# Show that (2x-1)^2-(x-3)^2 can be simplified to (3x-4)(x+2)?

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To show that (2x-1)^2-(x-3)^2 can be simplified to (3x-4)(x+2).

(2x-1)^2 = (2x)^2-2*2x+1, as (a-b)^2 = a^2-2ab+b^2.

(2x-1)^2 = 4x^2-4x+1....(1)

(x-3)^2 = x^2-2x*3 + (-3)^2 .

(x-3)^2 = x^2-6x+9......(2).

(1)-(2) gives:

(2x-1)^2-(x-3)^2 = (4x^2-x^2)+( -4x+6x) +(1-9).

(2x-1)^2-(x-3)^2 = 3x^2+2x-8.

(2x-1)^2-(x-3)^2= 3x^2+6x-4x-8.

(2x-1)^2-(x-3)^2 = 3x(x+2) -4(x+2).

(2x-1)^2-(x-3)^2 = (x+2)(3x-4).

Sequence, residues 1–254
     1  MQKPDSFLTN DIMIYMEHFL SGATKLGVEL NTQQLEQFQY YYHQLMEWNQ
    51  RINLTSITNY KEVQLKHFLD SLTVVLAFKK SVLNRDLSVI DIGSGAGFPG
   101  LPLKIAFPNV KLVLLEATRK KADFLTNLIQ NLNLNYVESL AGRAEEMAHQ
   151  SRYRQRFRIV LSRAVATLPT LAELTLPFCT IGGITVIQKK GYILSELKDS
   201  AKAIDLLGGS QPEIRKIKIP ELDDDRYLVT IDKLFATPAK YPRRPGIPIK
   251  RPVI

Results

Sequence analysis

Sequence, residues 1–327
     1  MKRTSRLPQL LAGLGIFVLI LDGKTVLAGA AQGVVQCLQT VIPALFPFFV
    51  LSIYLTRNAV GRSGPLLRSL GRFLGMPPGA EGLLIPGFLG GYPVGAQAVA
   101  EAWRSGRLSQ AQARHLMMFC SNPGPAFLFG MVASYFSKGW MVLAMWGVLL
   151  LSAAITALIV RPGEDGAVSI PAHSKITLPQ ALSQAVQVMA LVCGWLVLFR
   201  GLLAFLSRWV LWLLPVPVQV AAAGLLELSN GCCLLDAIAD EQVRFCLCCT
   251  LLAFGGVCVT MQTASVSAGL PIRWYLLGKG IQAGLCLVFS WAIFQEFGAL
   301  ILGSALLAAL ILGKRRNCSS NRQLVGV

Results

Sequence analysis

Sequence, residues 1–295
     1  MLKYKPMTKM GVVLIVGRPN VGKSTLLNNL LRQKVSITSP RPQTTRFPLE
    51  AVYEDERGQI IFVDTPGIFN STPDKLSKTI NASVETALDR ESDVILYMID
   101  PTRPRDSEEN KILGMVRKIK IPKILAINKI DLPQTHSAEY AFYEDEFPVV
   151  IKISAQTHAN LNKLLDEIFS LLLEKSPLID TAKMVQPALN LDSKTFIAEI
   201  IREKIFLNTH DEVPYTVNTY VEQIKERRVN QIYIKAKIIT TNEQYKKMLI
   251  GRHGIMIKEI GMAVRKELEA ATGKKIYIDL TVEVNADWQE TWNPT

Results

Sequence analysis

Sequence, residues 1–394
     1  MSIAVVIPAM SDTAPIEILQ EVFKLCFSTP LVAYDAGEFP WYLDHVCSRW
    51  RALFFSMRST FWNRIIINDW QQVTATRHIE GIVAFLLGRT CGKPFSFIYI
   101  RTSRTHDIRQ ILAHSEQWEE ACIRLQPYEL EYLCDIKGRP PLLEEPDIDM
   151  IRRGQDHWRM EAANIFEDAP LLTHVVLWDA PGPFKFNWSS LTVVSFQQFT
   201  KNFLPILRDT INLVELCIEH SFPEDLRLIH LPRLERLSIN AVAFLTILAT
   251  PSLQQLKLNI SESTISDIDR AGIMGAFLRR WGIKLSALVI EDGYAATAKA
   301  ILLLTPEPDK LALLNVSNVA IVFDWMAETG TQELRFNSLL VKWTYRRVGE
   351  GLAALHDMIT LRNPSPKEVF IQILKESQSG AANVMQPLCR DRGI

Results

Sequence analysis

(2x-1)^2-(x-3)^2 = (3x-4)(x+2).

We'll expand the squares using the formula:

(a+b)^2 = a^2 + 2ab + b^2

(a-b)^2 = a^2 - 2ab + b^2

(2x-1)^2 = (2x)^2 - 2*(2x)*1 + 1^2

(2x-1)^2 = 4x^2 - 4x + 1 (1)

(x-3)^2 = x^2 - 2*x*3 + 3^2

(x-3)^2 = x^2 - 6x + 9 (2)

We'll subtract (2) from (1):

4x^2 - 4x + 1 - x^2 + 6x - 9

We'll combine like terms:

3x^2 + 2x - 8

We'll determine the roots of the quadratic:

3x^2 + 2x - 8 = 0

x1 = [-2+sqrt(4+96)]/6

x1 = (-2+10)/6

x1 = 8/6

x1 = 4/3

x2 = (-2-10)/6

x2 = -2

The quadratic could be written as a product of linear factors:

3x^2 + 2x - 8 = 3(x - 4/3)(x + 2)

We'll multiply by 3 the first factor:

3(x - 4/3)(x + 2) = (3x - 4*3/3)(x + 2)

3x^2 + 2x - 8 = (3x-4)(x+2)

**(2x-1)^2 - (x-3)^2 = (3x-4)(x+2) q.e.d.**